Use OCR to Extract Text From an Image in OpenCV

Use OCR to Extract Text From an Image in OpenCV

This article will cover everything you need to get started with optical character recognition, also known as OCR. You will learn how to extract text from images and visualize the extracted text on an image in OpenCV.

Use OCR With the EasyOCR Library to Extract Text From an Image in OpenCV

In this article, there are four key things that we need to do:

  • We need to install and import our dependencies.
  • Then, we need to read our images or video.
  • Next, we will draw our results.
  • Lastly, we will be using OpenCV to look at how we can handle images with multiple lines of text and visualize them.

Optical character recognition, also known as OCR, recognizes text in images. It converts tight handwritten or printed text into a machine-readable format.

Many industries use OCR technology for automation banking; one can use OCR to process handwritten checks. Another important application of OCR is to extract information from handwritten documents.

We will be using the EasyOCR library to use OCR, which is powered by the PyTorch library. This library makes it easier to go through and perform optical character recognition on an image or a document.

Let’s get started with the installation and import our dependencies. The first dependency that we need to install is PyTorch because EasyOCR runs on PyTorch.

It depends on what type of operating system the user is running and using a GPU or not. The installation may be slightly different, but the good thing is that if the user goes to python.org, it will automatically select the best type of installation method for the user.

Run this command to install the EasyOCR package:

pip install easyocr

Now we are ready to use the dependencies.

import easyocr
import cv2
import matplotlib.pyplot as plot
import numpy as np

Now we need to read our images. We will include a variable to hold that image path, and the next thing is to use EasyOCR to perform that optical character recognition.

We defined easyocr.Reader() class, and we passed the language we wanted to use to this. If we are not using GPU, we will set the gpu parameter equal to False.

In the next line, we defined the reader.readtext() method and passed our image path.

IMG_P= 'sign.png'
reader = easyocr.Reader(['en'])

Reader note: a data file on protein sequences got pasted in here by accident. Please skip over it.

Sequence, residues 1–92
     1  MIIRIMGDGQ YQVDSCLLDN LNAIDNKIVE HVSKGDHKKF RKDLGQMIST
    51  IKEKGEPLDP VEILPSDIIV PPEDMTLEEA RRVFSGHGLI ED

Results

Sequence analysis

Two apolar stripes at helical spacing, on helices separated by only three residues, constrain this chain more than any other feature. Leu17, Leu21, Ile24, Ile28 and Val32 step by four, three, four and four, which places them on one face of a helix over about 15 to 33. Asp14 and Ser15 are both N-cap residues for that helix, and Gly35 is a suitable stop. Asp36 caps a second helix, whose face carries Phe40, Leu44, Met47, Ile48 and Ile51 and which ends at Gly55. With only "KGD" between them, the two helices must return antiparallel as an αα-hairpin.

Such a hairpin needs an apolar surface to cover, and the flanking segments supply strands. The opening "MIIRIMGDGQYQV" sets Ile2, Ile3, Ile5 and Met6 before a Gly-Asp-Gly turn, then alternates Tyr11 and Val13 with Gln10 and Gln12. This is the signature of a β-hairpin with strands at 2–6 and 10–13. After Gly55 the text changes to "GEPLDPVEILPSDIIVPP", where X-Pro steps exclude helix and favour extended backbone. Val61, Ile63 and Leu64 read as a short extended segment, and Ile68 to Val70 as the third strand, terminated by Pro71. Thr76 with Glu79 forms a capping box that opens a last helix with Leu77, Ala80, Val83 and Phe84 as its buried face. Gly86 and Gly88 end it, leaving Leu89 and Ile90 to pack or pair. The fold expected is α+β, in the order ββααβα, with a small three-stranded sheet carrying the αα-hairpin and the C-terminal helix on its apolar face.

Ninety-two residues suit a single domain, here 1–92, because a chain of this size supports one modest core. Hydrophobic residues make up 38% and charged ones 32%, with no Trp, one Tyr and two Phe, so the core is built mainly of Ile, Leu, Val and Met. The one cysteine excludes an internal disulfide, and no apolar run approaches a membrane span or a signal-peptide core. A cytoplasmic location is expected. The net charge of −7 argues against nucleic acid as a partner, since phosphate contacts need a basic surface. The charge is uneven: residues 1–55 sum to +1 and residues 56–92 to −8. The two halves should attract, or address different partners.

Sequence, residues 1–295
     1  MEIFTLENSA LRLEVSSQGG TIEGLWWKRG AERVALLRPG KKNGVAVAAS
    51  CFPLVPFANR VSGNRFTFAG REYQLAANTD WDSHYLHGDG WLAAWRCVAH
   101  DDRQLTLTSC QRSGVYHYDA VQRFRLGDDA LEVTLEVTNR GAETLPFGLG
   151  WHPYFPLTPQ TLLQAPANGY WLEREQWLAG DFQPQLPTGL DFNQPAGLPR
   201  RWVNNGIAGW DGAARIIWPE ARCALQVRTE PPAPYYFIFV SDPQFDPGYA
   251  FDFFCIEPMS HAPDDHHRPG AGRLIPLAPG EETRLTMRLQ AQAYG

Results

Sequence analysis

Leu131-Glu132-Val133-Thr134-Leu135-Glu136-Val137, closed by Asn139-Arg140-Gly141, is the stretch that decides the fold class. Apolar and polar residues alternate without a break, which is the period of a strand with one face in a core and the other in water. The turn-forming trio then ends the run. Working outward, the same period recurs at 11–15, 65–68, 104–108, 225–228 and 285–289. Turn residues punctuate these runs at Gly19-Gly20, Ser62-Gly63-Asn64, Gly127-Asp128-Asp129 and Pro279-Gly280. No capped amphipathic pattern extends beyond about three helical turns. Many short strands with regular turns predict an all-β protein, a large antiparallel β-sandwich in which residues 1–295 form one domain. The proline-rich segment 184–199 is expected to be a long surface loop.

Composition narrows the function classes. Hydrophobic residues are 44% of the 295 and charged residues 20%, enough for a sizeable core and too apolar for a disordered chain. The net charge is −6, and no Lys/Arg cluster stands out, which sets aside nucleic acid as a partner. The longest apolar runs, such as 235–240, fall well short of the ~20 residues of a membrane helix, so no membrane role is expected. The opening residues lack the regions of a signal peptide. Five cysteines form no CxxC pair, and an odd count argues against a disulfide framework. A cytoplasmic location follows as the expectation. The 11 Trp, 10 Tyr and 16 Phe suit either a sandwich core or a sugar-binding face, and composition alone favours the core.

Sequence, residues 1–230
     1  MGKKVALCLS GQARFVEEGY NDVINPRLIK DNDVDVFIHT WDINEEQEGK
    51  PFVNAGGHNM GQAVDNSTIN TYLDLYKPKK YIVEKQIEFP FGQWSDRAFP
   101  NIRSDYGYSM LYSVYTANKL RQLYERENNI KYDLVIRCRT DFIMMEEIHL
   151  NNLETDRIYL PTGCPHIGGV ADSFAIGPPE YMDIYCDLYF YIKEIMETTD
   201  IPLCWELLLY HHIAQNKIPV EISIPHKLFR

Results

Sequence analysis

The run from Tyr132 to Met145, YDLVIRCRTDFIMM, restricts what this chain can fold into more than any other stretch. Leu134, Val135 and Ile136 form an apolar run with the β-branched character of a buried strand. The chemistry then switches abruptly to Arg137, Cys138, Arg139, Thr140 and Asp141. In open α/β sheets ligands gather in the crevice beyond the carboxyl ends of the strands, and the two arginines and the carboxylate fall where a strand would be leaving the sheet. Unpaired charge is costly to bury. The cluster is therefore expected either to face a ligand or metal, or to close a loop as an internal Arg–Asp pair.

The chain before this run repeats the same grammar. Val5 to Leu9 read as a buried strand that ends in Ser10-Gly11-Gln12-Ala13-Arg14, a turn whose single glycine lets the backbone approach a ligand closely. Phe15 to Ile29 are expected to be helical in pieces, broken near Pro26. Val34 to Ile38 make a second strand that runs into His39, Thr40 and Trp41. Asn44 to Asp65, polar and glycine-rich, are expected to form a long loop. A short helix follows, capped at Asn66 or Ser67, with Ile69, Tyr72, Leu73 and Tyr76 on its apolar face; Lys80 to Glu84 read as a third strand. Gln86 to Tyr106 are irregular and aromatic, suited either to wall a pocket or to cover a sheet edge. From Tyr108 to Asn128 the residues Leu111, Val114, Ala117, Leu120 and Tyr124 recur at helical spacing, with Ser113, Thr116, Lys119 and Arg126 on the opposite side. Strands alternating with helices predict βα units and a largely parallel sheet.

RST = reader.readtext(IMG_P)
RST

Its result comes back with a few different things when we run this code.

opencv ocr output 1

We got an array where the text is in our image, and we will be able to see this better when we visualize it. The second part is the text identified, and the last is the confidence.

Let’s visualize the result, and to do this, we need to define a couple of key variables to identify where our different coordinates are. We will get the top left corner and bottom right corner values to get and define the coordinates.

We will define indexes from the array to grab the component values and convert them into a tuple because when passing it to OpenCV, it is expecting a tuple as an argument.

We will do a similar thing to grab the bottom right and the text, but we do not need to convert the text into a tuple.

T_LEFT = tuple(RST[0][0][0])
B_RIGHT = tuple(RST[0][0][2])
text = RST[0][1]
font = cv2.FONT_HERSHEY_SIMPLEX

Now we used the imread() method to read our image, and in the next line, we overlaid the rectangle, which is the component, and then we overlaid our text to draw our rectangle.

The rectangle() method takes the first parameter as an image. The next parameter we passed is the T_LEFT coordinate, and the next one is the B_RIGHT coordinate.

The next parameter passed is a tuple, and it follows to a bright green color. We also passed the rectangle thickness.

We visualized the text using the putText() method that takes several parameters. The first is an image coordinate where we want to set the position of the extracted text, the font style, and the font size, and the next consists of the color, thickness, and line style.

import easyocr
import cv2
import matplotlib.pyplot as plot
import numpy as np

IMG_P= 'surf.jpeg'
reader = easyocr.Reader(['en'])
RST = reader.readtext(IMG_P)
RST

T_LEFT = tuple(RST[0][0][0])
B_RIGHT = tuple(RST[0][0][2])
text = RST[0][1]
font = cv2.FONT_HERSHEY_SIMPLEX

IMG = cv2.imread('surf.jpeg')
IMG = cv2.rectangle(IMG,T_LEFT,B_RIGHT,(0,255,0),3)
IMG = cv2.putText(IMG,text,T_LEFT, font, 0.5,(255,255,255),2,cv2.LINE_AA)
plot.imshow(IMG)
plot.show()

We can see a box drawn around the text, and the surf appears inside the rectangle.

opencv ocr output 2

Let’s see how to handle if we have an image that has multiple lines of text. It is pretty much the same; the only thing that is changed is when we print the results, we see several different lines.

Hence, we need to loop through to visualize and plot each detection individually.

import easyocr
import cv2
import matplotlib.pyplot as plot
import numpy as np

IMG_P= 'sign.png'

reader = easyocr.Reader(['en'])
RST = reader.readtext(IMG_P)
RST

font = cv2.FONT_HERSHEY_SIMPLEX

IMG = cv2.imread(IMG_P)
spacer = 100
for detection in RST:
    T_LEFT = tuple(detection[0][0])
    B_RIGHT = tuple(detection[0][2])
    TEXT = detection[1]
    IMG = cv2.rectangle(IMG,T_LEFT,B_RIGHT,(0,255,0),3)
    IMG = cv2.putText(IMG,TEXT,(20,spacer), font, 0.5,(0,255,0),2,cv2.LINE_AA)
    spacer+=15

plot.imshow(IMG)
plot.show()

Output:

opencv ocr output 3

Salman Mehmood avatar Salman Mehmood avatar

Hello! I am Salman Bin Mehmood(Baum), a software developer and I help organizations, address complex problems. My expertise lies within back-end, data science and machine learning. I am a lifelong learner, currently working on metaverse, and enrolled in a course building an AI application with python. I love solving problems and developing bug-free software for people. I write content related to python and hot Technologies.

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